On February 4, New York Attorney General Andrew Cuomo, joined by Neil Barofsky, the special inspector general of the Troubled Asset Relief Program, announced civil fraud charges against Bank of America, former Chief Executive Officer Kenneth Lewis and former Chief Financial Officer Joe Price for failing to disclose material information to shareholders prior to their vote to approve the merger with Merrill Lynch. In the complaint, Cuomo also alleges that, once the merger was approved, Bank of America management manipulated the federal government into saving the deal by falsely claiming they would back out without bailout funds. The lawsuit seeks unspecified monetary damages and other remedies.
The charges were announced on the same day that the SEC separately announced that it had filed a motion seeking court approval of a proposed settlement with Bank of America regarding SEC charges of a failure to disclose employee bonuses and financial losses at Merrill Lynch before shareholders approved the merger of the companies in December 2008. Under the terms of the proposed settlement, Bank of America would be required to (1) pay $150 million, for distribution to shareholders harmed by the Bank’s alleged disclosure violations, and (2) strengthen its corporate governance and disclosure practices for a period of three years.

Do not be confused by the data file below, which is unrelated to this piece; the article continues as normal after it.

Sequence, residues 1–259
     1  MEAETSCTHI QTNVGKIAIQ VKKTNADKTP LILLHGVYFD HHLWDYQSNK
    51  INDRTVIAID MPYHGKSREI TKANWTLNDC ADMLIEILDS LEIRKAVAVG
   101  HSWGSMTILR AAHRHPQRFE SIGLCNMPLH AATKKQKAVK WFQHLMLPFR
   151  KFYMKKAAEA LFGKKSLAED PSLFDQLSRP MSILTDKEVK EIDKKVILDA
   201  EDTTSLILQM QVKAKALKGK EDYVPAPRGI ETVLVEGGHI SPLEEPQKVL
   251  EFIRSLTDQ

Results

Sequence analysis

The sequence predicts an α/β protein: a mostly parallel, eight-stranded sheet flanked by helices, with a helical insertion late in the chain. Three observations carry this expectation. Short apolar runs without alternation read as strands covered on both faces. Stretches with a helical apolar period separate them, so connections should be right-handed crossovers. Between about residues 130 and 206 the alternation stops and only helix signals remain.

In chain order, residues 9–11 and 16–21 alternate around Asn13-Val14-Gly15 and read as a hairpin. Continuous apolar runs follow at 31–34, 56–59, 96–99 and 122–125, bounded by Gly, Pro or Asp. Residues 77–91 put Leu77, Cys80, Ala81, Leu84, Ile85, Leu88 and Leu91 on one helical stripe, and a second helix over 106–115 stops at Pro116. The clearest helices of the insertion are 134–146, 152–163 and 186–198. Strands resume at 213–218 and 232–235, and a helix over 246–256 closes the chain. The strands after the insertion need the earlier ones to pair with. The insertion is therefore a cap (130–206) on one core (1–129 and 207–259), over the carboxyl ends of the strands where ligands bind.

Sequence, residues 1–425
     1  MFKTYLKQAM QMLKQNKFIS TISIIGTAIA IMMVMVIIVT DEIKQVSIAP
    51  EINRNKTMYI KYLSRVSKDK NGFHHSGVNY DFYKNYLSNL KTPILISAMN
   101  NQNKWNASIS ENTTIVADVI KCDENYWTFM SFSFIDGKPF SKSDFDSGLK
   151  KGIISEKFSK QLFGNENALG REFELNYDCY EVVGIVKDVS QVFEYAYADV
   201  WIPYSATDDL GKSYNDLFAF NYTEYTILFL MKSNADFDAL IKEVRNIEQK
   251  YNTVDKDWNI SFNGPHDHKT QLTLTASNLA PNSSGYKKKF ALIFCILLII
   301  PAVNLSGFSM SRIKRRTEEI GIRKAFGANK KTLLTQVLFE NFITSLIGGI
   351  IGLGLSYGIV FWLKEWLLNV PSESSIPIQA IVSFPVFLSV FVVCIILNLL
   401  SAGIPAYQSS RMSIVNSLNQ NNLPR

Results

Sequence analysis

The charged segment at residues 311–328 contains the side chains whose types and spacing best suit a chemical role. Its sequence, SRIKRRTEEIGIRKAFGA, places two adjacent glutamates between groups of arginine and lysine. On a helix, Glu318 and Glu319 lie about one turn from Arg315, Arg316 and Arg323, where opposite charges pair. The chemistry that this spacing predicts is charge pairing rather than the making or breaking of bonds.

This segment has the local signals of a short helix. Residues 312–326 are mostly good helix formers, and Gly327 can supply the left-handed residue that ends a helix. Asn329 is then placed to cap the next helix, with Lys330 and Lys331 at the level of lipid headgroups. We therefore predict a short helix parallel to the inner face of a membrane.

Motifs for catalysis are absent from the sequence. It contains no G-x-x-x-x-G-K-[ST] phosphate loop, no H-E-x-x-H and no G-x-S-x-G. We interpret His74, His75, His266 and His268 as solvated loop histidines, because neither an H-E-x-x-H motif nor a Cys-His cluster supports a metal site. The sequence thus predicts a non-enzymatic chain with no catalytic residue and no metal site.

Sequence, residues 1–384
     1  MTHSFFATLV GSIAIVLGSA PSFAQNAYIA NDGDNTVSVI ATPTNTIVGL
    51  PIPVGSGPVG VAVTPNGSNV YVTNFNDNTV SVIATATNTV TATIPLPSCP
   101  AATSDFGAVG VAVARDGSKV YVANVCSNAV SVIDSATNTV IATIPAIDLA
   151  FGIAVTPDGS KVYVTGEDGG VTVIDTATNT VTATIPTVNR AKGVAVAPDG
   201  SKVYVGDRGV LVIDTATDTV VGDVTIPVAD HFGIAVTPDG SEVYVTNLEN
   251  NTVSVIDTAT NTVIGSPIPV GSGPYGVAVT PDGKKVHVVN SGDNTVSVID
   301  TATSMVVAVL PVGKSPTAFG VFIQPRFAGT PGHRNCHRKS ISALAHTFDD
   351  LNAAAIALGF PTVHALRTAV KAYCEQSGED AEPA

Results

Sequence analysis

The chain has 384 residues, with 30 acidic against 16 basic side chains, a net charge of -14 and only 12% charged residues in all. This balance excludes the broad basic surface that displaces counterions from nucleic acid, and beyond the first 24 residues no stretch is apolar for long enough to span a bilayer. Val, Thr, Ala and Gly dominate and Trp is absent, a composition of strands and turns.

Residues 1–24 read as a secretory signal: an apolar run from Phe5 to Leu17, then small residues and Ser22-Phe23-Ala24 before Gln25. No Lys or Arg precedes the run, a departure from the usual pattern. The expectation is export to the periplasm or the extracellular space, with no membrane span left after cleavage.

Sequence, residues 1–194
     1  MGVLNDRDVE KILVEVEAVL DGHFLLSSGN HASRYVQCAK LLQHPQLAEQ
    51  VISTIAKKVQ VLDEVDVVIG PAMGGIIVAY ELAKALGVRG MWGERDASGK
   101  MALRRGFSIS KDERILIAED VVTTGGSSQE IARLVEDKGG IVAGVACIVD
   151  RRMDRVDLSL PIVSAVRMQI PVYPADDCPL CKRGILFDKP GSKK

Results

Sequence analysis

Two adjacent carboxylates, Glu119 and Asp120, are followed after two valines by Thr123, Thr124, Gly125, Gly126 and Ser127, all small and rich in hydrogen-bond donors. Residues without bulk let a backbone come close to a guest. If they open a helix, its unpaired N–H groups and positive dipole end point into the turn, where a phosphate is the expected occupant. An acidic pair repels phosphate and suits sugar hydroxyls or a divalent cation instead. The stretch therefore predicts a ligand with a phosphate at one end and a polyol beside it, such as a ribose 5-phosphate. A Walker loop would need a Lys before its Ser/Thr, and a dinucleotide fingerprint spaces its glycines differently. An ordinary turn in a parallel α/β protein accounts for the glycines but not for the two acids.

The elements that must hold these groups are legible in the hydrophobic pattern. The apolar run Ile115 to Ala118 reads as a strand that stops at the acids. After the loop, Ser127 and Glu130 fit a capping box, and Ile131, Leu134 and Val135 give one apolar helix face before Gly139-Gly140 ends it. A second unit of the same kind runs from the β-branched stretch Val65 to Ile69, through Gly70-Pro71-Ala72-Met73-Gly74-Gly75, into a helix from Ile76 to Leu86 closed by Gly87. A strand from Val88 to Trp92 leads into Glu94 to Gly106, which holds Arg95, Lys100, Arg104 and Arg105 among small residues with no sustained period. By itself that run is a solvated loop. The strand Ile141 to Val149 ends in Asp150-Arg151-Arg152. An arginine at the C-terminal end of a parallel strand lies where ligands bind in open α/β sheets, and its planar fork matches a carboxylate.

The SEC previously filed two sets of charges in the U.S. District Court for the Southern District of New York. On August 3, 2009, the Commission announced a $33 million settlement of charges against Bank of America for violating the federal proxy rules by failing to disclose, in proxy materials soliciting shareholder votes for approval of the merger, its prior agreement authorizing Merrill to pay year-end bonuses of up to $5.8 billion to its employees prior to the closing of the merger. Judge Jed S. Rakoff rejected that settlement.
On January 12, 2010, the Commission charged Bank of America with failing to disclose extraordinary financial losses sustained between October and November 2008 at Merrill Lynch prior to a Bank of America shareholder vote to approve a merger between the two companies. The proposed settlement covers both sets of charges and is subject to approval by Judge Rakoff. In a United States District Court hearing in Manhattan on Monday, Judge Rakoff said he expected to rule on the settlement by February 19th. However, he is reported to have stated that the settlement was “still quite small” and that $300 million or $600 million would be a more appropriate settlement amount. If Judge Rakoff rejects the proposed settlement, the case on the first set of charges is set for trial on March 1, 2010.